Dawkins on religion: A self-defeating argument

A farmer once had a watermelon plant that was always being raided by local kids. One day he decided to do something about it, and put a sign beside the plant: “1 watermelon poisoned’. He went to bed that night feeling particularly clever. When he woke up the next day, the sign had been changed. It now read: ‘2 watermelons poisoned’. Sometimes our solutions can be too clever by far.

Christians hold that Christianity is grounded in evidence. They claim that the resurrection of Jesus from the dead is the basis for Christianity. People may become Christians for many different reasons, but Christians agree that Christianity is based on evidence.

Not so Elisabeth Cornwell. Cornwell claims that all religion can be explained through evolutionary processes. Though Christians think they believe what they believe based on evidence, Cornwell points to evolution as the cause. On Richard Dawkins’ website she outlines her proposed explanation for the rise of religion. Quoting from many of Dakins’ books, Cornwell suggests that small adaptions over a long period of time put in place the building blocks of primitive religion, such as language, tool-making, purpose and kinship. Though today those who hold to Christianity think they do so in a reasonable manner, based on evidence, the actual fact is that they have fallen for an evolutionary throwback in their brain that needs to be outgrown. In other words, though they think they hold something true based on evidence, what is actually believed can be explained purely by evolutionary theory, and is in fact false.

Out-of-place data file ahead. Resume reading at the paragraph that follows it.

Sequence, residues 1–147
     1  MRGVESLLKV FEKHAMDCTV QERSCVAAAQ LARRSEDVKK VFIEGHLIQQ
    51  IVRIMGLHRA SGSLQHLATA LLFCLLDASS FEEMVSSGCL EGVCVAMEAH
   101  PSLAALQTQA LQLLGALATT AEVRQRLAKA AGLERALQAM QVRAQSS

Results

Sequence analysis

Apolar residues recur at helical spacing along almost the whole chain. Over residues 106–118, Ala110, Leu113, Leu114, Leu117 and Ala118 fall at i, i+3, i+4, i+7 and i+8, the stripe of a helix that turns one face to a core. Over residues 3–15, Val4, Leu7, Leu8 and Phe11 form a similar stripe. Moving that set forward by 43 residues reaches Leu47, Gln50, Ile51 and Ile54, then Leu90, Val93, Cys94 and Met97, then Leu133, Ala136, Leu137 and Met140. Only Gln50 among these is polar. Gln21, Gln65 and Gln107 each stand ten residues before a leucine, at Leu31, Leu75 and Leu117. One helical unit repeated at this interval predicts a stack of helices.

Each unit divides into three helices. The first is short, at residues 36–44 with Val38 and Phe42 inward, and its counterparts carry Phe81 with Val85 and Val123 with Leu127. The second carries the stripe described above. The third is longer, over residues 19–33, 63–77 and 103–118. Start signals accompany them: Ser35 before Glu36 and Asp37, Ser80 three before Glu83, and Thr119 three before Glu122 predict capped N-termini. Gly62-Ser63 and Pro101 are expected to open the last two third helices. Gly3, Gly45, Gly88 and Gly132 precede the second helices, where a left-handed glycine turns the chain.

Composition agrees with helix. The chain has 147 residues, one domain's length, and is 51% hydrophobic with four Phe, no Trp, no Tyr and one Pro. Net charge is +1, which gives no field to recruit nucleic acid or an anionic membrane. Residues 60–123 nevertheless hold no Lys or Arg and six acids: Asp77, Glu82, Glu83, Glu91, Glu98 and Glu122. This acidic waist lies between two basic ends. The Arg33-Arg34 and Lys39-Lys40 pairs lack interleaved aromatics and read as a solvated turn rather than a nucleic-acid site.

This seems like such a stroke of genius that one could hardly disagree, surely? We must abandon these beliefs because they can be explained by evolutionary process. But here comes the rub. What’s good for the goose is good for the gander. The exact same argument could be made against atheism. Atheists believe that they hold things to be true based on evidence. One could construct an evolutionary account of the rise of atheistic thought. If Christianity can be dismissed on account of an evolutionary past, so can atheism, as can science, relationships, literature and every form of human thought. It’s a poisoned watermelon, a cancer to knowledge that, once released, unstoppably undermines everything we hold to be true. Far from being clever, it’s intellectual suicide.

One can understand the atheist desire to write off religion as an evolutionary throwback. It is a near-universal of human experience. But it would be far wiser for the atheist to listen to the Christian than invent evolutionary tales that undermine all human thought.